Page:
Many people with dementias will experience depression. This may occur due to guilt borne out of an  over reliance on others, the loss of autonomy and skills, the fear of losing one’s memory, concerns about dying, and so on. The counsellor needs to be sensitive to affective disorders and depressive symptoms associated with AD so as to enable early intervention. In complex cases referral to a psychiatrist or psychologist may be necessary.

  • Early stage depression must be treated to reduce further confusion and feelings of helplessness. There is also a link between depression and physical aggression.
  • The presence and severity of depression is usually influenced by the level of cognitive impairment. It is also related to the client's level of functional impairment.
  • The counsellor should make it clear to caregivers that there are steps that can be taken to help manage symptoms. It may be necessary for a psychologist to evaluate symptoms through the use of depression scales.
  • Whilst suicide is rare in AD patients with depression, there is a need for assessment of suicidal ideation among those who are concerned about the progression of the disease, and those who are worried that they are not responding to medication.


The skills you develop here can serve you well throughout life across a wide range of professions.

The obvious career path for any graduate would seem, and probably is , to become a counsellor. Some of our graduates start their own practice offering counselling services, and are very successful at doing so; but to be a professional self employed counsellor is only one of many places that this course may lead you.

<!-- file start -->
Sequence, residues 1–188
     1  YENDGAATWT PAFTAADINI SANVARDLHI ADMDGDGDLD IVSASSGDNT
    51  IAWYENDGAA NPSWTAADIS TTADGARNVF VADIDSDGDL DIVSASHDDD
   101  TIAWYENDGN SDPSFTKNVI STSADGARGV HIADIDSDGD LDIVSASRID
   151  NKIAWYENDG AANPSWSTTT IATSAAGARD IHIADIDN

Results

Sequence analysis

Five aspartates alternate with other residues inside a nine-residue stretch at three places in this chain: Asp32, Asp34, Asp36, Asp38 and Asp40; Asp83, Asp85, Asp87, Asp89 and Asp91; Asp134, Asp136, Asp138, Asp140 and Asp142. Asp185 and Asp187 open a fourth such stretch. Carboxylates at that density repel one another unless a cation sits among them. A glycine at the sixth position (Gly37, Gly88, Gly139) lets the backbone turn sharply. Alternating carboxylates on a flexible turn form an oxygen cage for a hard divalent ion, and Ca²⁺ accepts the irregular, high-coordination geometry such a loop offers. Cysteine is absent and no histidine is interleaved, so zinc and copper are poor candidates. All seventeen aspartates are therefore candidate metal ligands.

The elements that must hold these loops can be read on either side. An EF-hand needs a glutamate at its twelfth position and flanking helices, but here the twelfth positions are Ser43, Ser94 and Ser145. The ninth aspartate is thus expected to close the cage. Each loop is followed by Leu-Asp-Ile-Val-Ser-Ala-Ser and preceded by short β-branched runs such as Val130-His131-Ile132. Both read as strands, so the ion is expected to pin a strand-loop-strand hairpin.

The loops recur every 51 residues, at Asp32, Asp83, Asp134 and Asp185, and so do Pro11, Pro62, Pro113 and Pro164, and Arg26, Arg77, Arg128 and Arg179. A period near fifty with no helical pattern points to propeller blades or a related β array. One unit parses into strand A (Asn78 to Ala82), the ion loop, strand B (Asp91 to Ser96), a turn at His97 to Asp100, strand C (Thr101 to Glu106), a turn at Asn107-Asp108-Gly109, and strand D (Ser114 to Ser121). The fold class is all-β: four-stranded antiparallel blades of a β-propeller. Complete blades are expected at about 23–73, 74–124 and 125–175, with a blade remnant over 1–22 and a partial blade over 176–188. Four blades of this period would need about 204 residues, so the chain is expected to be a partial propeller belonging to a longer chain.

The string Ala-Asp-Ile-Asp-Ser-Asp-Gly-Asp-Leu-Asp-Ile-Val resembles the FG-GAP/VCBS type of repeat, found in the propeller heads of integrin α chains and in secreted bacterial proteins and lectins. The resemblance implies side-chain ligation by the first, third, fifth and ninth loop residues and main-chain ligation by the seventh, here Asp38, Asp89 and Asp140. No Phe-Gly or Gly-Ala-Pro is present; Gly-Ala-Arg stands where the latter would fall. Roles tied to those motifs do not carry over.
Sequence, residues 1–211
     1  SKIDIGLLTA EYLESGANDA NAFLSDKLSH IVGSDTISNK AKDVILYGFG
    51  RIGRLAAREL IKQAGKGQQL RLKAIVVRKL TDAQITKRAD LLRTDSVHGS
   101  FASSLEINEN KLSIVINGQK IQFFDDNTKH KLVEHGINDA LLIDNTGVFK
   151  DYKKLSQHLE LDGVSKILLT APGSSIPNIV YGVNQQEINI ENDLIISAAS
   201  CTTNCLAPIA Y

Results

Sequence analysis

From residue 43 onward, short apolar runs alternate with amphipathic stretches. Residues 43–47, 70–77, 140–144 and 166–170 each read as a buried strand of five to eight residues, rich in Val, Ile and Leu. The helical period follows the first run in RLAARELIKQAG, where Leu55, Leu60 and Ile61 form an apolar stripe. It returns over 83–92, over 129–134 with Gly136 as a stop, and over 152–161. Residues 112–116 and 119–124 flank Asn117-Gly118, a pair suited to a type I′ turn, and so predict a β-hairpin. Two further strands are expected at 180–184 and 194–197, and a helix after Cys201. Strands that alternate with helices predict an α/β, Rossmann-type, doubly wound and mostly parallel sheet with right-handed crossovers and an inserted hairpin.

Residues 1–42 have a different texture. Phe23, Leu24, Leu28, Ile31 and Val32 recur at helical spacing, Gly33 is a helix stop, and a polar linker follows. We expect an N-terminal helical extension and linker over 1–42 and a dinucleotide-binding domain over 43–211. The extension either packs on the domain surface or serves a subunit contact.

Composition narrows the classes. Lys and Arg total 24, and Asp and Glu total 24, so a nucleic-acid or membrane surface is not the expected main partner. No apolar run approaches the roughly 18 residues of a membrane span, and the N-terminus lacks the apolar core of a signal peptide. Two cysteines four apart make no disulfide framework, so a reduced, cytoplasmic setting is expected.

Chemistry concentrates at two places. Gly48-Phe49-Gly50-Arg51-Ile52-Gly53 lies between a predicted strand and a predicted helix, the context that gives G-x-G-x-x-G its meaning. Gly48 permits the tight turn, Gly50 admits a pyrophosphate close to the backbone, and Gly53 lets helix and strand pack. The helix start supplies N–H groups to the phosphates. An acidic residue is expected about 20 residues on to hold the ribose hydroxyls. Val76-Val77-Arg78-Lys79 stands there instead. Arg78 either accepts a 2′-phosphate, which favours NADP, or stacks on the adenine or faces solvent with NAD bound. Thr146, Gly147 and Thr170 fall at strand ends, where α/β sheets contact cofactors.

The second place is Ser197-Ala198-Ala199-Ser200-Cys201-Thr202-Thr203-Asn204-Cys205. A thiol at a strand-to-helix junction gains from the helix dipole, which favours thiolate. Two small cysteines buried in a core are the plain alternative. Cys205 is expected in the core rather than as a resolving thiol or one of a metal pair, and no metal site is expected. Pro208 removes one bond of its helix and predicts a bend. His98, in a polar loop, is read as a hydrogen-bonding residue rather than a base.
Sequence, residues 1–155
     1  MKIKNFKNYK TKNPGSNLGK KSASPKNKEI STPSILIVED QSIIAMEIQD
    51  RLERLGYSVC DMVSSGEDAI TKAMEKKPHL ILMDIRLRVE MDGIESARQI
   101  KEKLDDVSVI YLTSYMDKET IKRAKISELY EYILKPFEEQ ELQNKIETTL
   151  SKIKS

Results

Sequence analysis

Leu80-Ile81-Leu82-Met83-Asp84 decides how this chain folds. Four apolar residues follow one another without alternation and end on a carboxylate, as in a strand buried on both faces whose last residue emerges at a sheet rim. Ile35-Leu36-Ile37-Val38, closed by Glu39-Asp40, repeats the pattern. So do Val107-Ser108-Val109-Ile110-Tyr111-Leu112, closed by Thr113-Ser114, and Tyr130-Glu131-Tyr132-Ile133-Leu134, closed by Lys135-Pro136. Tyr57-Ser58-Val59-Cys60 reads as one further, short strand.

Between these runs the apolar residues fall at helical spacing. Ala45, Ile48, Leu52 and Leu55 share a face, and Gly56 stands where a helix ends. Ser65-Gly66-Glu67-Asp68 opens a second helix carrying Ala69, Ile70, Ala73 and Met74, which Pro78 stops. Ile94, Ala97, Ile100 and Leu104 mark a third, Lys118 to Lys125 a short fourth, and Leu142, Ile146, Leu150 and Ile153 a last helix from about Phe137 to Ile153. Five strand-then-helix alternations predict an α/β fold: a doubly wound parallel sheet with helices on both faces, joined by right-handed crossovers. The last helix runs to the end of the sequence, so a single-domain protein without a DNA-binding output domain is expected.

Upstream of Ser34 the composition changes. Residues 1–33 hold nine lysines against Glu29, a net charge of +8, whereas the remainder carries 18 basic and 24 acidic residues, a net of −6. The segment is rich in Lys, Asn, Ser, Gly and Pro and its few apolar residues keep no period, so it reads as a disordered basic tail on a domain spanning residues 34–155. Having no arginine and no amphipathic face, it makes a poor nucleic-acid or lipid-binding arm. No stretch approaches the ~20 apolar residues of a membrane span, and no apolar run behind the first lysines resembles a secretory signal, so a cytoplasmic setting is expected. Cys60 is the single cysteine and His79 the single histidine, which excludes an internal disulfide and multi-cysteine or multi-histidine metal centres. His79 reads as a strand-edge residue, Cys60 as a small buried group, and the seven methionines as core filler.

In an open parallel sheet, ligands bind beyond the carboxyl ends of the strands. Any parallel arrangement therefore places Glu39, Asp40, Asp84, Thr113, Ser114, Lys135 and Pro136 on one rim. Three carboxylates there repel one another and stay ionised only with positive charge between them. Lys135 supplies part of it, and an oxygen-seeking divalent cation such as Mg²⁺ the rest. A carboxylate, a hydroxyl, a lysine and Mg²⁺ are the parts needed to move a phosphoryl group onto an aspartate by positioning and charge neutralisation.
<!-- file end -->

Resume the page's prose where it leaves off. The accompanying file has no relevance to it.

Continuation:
This course will help you develop an insight into other people. In effect, it has the potential to grow your empathic as well as academic understanding of others. In today's world, where jobs are frequently being replaced by technology (eg. robots, computers); most experts agree that the one skill that robots will never replace is human empathy. In any job where you work with people, from marketing to personnel management and teaching to leisure services: empathy matters. An understanding of psychology and counselling will give you skills that are prized and of great value in business or employment anywhere.

  • Start a counselling practice
  • Work in welfare, health support or any other role where your primary purpose is to help others
  • Work for a government or other agency, providing counselling support to others.
  • Work in academia, research or teaching
  • Work in marketing, personnel management, employment services, or any other situation where a knowledge of human psychology is a key part of the job.
So if you would like to study psychology and counselling for interest or for your career, then this course is an excellent diploma level course!
Start today and learn more about the field of psychology and counselling.

Any Questions?

Our psychology and counselling tutors are happy to answer any questions about the course, so please get in touch.

Please click here to contact a tutor or Request a course handbook here.